Should New Runners Worry About Pronation?

Ashley Lauretta
by Ashley Lauretta
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Should New Runners Worry About Pronation?

Before you became a runner, you probably didn’t give much thought as to how your feet were interacting with the ground on a daily basis. In fact, maybe you haven’t even thought about it until you heard the word ‘pronation’ mentioned when trying on running shoes. It turns out that it isn’t just affected by how your foot lands; the actual anatomy of your foot has a role in it, as well.

“People that underpronate will have a higher arch foot structure in stance [and] people that overpronate will have a flatter foot structure,” explains Dr. C. Keith McSpadden, a foot and ankle surgeon and president of the North Austin Foot & Ankle Institute. “One foot type is not necessarily better than another, but the bony foot structure can determine what type of potential injuries a runner may be predisposed to.”

Here’s what else you should know about your gait as your feet carry you through increased mileage and new terrain.


First off, pronation is something we all do, so it’s nothing to overthink. Simply put, it is one part of the side-to-side motion our foot makes when walking. More specifically, it is the outward motion. Dr. McSpadden explains that along with the inward motion — supination — we are able to maintain our balance when walking.

“The upward (dorsiflexion) and downward (plantar flexion) motion of the foot comes from the ankle joint,” he adds. “The outward (pronation) and inward (supination) motion comes from the joints beneath the ankle joint.”

Whether you over- or underpronate — or over- or undersupinate — all depends on how much time your foot spends on the ground in that position. Dr. Joe Griffin, podiatrist at Coastal Foot Center, a practice with two locations in Alabama, notes that normally the foot pronates right after the heel contacts the ground, thus absorbing shock and adapting to the terrain. The way your foot hits the ground can dictate what injuries you may experience. Understanding your gait and choosing shoes to help balance out any abnormalities can prevent issues that don’t just help keep your feet healthy, but also your legs.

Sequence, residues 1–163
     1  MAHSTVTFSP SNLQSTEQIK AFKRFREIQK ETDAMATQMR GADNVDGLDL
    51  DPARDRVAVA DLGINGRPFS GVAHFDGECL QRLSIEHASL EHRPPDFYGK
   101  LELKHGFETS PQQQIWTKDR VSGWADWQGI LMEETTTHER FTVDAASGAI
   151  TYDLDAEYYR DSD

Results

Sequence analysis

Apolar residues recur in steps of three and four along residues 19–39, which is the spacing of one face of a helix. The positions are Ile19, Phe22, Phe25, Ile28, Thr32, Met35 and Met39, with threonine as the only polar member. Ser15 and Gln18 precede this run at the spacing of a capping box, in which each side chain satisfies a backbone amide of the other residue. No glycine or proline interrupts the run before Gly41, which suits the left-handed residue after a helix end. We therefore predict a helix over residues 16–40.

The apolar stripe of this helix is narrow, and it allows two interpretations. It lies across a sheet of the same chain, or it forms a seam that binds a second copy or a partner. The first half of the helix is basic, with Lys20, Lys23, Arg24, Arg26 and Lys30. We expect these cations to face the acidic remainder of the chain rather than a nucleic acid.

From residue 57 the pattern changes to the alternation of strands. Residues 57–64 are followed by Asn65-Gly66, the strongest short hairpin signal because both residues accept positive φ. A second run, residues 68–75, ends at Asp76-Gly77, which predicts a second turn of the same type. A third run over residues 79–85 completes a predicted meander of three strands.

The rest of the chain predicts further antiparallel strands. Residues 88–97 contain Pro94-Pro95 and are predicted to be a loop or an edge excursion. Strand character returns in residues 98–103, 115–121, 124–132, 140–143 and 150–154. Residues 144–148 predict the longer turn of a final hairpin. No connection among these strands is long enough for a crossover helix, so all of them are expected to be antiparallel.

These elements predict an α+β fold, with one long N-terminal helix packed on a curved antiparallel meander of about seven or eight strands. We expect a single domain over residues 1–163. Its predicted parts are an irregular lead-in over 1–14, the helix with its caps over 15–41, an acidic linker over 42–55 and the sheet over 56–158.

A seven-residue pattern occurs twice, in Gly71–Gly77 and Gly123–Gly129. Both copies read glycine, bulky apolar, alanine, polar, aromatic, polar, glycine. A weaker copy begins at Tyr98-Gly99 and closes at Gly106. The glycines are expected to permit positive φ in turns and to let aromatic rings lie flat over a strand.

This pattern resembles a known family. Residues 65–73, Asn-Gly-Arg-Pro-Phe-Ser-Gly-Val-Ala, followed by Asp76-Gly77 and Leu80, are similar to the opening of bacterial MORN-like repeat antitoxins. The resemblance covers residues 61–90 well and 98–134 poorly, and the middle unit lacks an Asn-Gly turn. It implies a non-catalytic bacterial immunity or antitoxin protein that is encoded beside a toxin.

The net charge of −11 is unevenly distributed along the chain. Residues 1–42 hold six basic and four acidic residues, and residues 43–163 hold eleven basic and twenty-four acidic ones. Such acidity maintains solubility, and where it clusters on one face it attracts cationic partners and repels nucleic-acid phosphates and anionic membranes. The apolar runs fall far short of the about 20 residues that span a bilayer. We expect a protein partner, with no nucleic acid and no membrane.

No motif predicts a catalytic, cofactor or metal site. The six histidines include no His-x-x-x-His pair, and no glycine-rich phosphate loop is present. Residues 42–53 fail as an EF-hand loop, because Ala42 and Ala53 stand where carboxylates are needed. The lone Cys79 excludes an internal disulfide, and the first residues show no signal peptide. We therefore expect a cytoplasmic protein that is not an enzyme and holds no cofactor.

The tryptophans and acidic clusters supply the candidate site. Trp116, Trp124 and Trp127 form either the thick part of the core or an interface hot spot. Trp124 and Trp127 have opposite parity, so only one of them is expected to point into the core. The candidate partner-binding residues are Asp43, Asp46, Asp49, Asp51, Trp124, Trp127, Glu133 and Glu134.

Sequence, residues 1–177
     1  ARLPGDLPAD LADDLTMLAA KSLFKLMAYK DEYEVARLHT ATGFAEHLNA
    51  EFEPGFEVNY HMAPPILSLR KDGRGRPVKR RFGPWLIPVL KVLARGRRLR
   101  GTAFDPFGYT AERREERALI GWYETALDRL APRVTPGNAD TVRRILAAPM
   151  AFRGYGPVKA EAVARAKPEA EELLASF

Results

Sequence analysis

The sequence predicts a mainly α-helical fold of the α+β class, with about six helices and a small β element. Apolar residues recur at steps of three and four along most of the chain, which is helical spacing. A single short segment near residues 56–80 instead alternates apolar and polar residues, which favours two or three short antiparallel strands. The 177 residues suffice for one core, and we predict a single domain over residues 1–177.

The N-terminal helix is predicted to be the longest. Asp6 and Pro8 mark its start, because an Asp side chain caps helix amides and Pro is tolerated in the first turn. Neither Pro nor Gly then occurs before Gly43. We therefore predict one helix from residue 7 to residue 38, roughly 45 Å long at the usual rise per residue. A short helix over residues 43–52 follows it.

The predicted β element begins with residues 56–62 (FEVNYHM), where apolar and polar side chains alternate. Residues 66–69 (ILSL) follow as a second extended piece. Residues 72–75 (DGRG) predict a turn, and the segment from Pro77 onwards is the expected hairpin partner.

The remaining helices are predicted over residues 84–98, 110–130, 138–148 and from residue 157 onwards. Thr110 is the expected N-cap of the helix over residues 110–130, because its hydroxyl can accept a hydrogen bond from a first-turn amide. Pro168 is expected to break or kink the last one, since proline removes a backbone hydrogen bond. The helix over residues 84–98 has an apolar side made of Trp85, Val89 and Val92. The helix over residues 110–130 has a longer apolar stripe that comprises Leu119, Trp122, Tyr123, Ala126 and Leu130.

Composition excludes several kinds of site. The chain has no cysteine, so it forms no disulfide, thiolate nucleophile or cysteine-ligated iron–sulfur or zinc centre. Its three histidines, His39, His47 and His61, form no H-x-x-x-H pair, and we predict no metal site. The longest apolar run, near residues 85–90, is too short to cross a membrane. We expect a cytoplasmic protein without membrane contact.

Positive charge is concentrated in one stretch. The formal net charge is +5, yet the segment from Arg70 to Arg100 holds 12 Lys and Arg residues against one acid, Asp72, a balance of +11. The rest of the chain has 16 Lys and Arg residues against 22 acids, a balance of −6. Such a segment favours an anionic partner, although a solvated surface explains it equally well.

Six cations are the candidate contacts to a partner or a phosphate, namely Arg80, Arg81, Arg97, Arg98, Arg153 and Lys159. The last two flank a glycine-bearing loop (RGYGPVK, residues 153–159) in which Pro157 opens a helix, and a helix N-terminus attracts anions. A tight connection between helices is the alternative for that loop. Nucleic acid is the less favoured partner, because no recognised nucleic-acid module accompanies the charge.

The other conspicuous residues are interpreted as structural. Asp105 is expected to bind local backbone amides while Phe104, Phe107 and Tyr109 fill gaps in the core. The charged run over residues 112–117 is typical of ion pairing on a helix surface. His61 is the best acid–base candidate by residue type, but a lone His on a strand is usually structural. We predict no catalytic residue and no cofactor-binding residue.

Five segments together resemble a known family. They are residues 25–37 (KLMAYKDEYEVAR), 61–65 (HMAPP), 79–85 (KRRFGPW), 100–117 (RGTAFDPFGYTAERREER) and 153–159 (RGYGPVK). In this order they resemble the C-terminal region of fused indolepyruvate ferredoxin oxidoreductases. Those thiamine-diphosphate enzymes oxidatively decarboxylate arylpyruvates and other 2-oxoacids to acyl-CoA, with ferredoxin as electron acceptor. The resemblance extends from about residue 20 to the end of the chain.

“Over- or abnormal pronation is when the foot stays pronated longer than normal during the gait cycle,” notes Dr. Griffin. “This causes the foot to become unstable and hypermobile when the foot is bearing weight. which, in turn, can result in arch, heel, leg, knee and/or low-back symptoms.”


Though it is easiest to have a professional examine your gait, there is a way you can tell how your feet are hitting the ground. It isn’t recommended to watch your own gait cycle because — as Dr. McSpadden notes — looking down at your feet naturally changes the way you walk. Both Dr. McSpadden and Dr. Griffin agree that having a professional assess your gait is the best way to have your entire gait cycle analyzed. However, if you don’t have access to an expert, grabbing an old pair of running shoes can do the trick.

It is possible to check yourself for over- or underpronation; one way is to check the wear pattern of your running shoes,” reveals Dr. Griffin. “If the shoe is excessively worn on the outside of the sole, you underpronate. If the sole is excessively worn on the inside of the sole, you overpronate.”

Getting your gait analyzed when you are buying running shoes is the easiest way to go, because shoe experts can make suggestions then and there for shoes designed for your foot type. It is easy to become overwhelmed by all of the brands and technical offerings of running shoes, so expert recommendations are a great way to narrow down your search and then go by feel of the shoe.


All of this comes down to getting the best shoe for your foot and ultimately, preventing injuries. You don’t need to change your gait if you do over- or under-pronate; you simply need to make sure your feet are evaluated by an expert and you have the right support your foot may need.

“My recommendation is to use a neutral heel shoe that has some degree of stiffness through the arch,” concludes Dr. McSpadden. “From there, if a runner needs to control pronation or supination, that motion is best controlled with a custom foot orthotic, [which] should be prescribed by a foot specialist, who can use the orthotic to accommodate for subtleties of every foot type.”

Dr. Griffin echoes this advice, adding that sometimes even the perfect running shoe isn’t enough to overcome over- or under-pronation. In this case he also recommends a supportive insole orthotic. “A supportive insole or orthotic may still be necessary to overcome arch, heel, leg, knee and/or low-back symptoms associated with overpronation, while it is common for underpronators to have to regularly stretch the calves, legs and, especially, the iliotibial band,” he discloses.

About the Author

Ashley Lauretta
Ashley Lauretta

Ashley is a journalist based in Austin, Texas. She is the assistant editor at LAVA and her work appears in The Atlantic, ELLE, GOOD Sports, espnW, VICE Sports, Health, Men’s Journal, Women’s Running and more. Find her on Twitter at @ashley_lauretta.


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